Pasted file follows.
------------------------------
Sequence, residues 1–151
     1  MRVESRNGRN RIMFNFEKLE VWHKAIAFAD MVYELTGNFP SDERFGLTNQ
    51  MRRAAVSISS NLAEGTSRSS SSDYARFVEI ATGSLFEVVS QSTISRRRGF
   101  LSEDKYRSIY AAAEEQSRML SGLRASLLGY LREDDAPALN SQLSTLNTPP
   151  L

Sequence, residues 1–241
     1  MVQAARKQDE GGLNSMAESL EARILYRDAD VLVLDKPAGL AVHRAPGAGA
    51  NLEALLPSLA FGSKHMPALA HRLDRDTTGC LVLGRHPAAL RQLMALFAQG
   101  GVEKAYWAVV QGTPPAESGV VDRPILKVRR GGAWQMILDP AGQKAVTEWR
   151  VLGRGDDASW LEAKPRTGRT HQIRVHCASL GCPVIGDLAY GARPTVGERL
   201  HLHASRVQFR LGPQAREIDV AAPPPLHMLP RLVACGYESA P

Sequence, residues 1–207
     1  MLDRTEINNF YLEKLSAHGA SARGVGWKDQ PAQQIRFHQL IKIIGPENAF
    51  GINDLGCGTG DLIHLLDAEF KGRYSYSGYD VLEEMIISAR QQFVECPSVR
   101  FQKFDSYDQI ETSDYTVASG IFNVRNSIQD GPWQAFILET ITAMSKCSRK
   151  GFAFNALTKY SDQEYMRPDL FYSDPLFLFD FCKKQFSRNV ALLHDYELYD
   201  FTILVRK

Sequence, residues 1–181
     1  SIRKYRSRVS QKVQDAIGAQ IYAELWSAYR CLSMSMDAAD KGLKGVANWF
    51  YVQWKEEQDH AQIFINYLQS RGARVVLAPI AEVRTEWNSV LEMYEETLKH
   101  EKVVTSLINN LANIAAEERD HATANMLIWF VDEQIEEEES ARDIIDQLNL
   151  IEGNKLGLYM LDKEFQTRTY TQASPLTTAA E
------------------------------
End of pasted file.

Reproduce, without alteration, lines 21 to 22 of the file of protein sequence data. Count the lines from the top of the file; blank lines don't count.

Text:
   101  EKVVTSLINN LANIAAEERD HATANMLIWF VDEQIEEEES ARDIIDQLNL
   151  IEGNKLGLYM LDKEFQTRTY TQASPLTTAA E